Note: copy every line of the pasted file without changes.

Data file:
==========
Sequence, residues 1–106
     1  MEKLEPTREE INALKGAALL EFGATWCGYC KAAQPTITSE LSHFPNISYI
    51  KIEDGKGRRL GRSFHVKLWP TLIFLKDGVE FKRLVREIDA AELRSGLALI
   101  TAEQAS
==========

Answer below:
Sequence, residues 1–106
     1  MEKLEPTREE INALKGAALL EFGATWCGYC KAAQPTITSE LSHFPNISYI
    51  KIEDGKGRRL GRSFHVKLWP TLIFLKDGVE FKRLVREIDA AELRSGLALI
   101  TAEQAS